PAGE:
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Assembly will look and
find zip on gas prices
Re. “Assembly to probe high gas prices” (Page A1, June 21):
In the spirit of Johnny Carson’s Carnac, I will now predict the outcome of the latest Assembly effort:
Oil companies will be found not to be colluding on prices and there will be no indication of anti-competitive activities or price-fixing.
Once again, the best and the brightest will walk away scratching their heads or, worse, with knowledge of how the system is structured that they can’t or won’t explain to consumers. I think their narrow inquiries miss the big picture.
My belief is that high prices are built into the system, like maintenance and change-over schedules, production choices or downstream costs that are not related to the narrowly framed definition of what’s under the control of producers.
Nobody is to blame because maintenance and change-overs have to happen. That they constrain supply is an unfortunate but unavoidable side effect.
Article misses the point
of recall elections
Retired Judge Eugene M. Hyman’s commentary of June 21 (“Why ouster of San Francisco DA Boudin is troubling,” Page A8), that the ouster of DA Boudin is troubling, misses the point of recalls.
Hyman implied that people “joyfully” pursued a recall and attempted to overturn a legitimate election. No one was joyful that a recall became necessary. Everyone would have preferred that Boudin would have acted differently as DA and set a tone that was more responsive to the citizens of San Francisco.
To suggest that a recall is an effort to overturn a legitimate election misstates and unnecessarily mischaracterizes the purpose of a recall election. A public official that refuses to do the will of the people should not be allowed to remain in office. Should voters have to resign themselves to suffering with a public official that refuses to respond to their needs, but rather follows his own personal agenda? No.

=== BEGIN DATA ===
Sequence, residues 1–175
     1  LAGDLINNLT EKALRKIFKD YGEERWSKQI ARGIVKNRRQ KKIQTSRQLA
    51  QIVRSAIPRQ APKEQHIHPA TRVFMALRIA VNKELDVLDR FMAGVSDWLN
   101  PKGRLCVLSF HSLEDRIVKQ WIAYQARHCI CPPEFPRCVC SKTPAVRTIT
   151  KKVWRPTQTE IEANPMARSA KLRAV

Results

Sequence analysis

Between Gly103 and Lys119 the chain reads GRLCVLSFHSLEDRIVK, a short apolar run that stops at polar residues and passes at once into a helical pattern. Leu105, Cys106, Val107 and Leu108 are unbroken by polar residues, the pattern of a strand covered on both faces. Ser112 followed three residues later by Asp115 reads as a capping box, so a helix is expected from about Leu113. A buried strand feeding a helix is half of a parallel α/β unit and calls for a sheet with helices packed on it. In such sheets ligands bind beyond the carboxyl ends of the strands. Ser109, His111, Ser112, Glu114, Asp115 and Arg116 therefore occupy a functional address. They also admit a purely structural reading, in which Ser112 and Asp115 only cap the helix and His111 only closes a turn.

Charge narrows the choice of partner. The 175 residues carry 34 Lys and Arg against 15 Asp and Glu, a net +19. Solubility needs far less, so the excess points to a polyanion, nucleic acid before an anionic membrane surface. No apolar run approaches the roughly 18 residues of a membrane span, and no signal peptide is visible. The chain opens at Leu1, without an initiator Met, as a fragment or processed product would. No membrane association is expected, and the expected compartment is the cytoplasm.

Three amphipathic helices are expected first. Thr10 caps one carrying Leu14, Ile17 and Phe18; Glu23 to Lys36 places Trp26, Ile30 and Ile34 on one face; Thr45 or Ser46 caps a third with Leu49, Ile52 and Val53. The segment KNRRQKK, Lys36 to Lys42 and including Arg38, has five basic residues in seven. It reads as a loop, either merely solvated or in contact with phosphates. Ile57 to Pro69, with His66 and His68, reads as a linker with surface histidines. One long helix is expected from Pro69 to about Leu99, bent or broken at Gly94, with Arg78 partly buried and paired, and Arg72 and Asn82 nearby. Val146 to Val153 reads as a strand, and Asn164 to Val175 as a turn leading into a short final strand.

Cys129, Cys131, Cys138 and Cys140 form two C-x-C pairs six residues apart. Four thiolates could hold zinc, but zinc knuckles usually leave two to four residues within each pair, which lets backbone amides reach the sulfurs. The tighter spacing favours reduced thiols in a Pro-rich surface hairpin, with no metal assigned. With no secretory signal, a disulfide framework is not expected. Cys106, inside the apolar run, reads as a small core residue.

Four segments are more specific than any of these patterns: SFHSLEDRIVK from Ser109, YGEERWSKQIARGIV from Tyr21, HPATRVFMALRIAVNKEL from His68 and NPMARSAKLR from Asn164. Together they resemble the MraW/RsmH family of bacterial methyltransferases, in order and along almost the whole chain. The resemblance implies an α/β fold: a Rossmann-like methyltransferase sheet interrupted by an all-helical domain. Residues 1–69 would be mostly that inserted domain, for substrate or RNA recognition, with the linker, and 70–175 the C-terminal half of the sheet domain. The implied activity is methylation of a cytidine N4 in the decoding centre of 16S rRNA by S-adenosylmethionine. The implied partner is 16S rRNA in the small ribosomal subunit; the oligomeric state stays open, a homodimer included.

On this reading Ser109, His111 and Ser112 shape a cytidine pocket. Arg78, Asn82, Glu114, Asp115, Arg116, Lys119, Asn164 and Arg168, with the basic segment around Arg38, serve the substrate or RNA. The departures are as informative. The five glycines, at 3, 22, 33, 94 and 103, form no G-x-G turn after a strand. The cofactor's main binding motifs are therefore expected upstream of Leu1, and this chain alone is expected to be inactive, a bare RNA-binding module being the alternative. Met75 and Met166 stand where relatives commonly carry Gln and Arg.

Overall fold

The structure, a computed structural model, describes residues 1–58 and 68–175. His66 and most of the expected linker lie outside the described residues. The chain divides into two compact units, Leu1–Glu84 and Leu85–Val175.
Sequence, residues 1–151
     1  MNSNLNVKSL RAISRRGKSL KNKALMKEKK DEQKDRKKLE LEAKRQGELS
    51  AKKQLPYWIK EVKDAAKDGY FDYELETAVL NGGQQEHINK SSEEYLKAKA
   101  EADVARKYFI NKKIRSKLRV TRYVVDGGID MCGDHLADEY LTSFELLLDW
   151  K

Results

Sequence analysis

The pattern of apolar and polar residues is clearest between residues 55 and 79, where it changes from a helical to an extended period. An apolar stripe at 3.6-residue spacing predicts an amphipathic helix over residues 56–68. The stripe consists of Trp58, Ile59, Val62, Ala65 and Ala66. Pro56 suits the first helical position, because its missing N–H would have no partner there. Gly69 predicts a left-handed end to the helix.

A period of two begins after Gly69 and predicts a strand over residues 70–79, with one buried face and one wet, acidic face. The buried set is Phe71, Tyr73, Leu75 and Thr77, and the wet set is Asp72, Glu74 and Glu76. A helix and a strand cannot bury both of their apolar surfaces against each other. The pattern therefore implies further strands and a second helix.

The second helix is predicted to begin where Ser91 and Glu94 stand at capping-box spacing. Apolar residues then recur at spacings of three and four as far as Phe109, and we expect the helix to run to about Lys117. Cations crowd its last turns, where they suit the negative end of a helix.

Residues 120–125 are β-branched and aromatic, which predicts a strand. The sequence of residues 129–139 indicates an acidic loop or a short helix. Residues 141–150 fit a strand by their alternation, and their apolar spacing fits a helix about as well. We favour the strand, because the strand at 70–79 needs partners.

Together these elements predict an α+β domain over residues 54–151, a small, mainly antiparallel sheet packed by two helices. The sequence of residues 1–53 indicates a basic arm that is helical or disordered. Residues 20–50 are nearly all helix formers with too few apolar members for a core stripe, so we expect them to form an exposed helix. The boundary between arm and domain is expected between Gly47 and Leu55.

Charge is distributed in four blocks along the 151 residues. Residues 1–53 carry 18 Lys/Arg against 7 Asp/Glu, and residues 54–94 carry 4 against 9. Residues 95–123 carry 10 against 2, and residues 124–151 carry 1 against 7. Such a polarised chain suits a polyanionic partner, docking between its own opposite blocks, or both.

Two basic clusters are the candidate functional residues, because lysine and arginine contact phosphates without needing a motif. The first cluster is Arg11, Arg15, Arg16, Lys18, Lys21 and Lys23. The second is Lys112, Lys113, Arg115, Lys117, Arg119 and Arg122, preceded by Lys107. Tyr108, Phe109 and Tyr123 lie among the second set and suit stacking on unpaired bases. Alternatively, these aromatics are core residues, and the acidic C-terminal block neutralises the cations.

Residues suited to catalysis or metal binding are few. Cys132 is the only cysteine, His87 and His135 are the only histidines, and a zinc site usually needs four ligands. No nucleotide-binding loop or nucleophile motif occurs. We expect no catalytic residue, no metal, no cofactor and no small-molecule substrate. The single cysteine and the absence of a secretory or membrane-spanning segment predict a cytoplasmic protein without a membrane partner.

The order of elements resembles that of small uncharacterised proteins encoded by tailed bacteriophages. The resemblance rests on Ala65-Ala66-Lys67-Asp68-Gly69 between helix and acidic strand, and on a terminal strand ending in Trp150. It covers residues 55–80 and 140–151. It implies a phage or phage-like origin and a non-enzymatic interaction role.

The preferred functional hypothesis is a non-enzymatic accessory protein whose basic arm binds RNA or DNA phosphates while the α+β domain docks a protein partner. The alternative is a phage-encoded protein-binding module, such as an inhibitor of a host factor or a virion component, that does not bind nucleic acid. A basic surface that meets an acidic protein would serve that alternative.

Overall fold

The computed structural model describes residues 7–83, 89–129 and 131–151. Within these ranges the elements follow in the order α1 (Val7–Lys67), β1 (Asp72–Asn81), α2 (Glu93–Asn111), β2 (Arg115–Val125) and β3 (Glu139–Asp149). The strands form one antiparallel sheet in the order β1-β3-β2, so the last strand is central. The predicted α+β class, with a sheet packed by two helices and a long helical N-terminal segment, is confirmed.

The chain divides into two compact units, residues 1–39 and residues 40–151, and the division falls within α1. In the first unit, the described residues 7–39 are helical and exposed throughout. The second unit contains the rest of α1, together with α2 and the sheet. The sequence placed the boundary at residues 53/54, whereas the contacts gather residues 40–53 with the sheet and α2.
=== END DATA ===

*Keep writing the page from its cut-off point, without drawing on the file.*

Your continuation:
War shows numbered
days of fossil fuel
The war in Ukraine underscores the already dire need to eliminate humanity’s fossil fuel consumption. According to RMI, over 60% of U.S. homes still use fossil fuels as their heat source despite the healthier, cheaper and more efficient alternative – heat pumps.
Virginia’s mild winters allow for heat pumps to deliver up to 5 units of heat energy per unit of electricity consumed, saving you money over time. However, a major barrier to installing a heat pump is the upfront cost. Fortunately, the proposed congressional ZEHA and HEATR bills would alleviate prohibitive upfront costs by providing up to $14,000 in rebates and increasing the production of these machines.
If you value efficient heating, clean air and water, and a more stable climate but find the upfront cost alarming, consider calling your senators and congressperson to support these bills.
Permissive drug policy
has dire consequences
In 2020 Oregon voters approved a first-in-the-nation measure decriminalizing possession of small amounts of hard drugs, including fentanyl. Those found in possession face only the equivalent of …read more
Source:: The Mercury News – Entertainment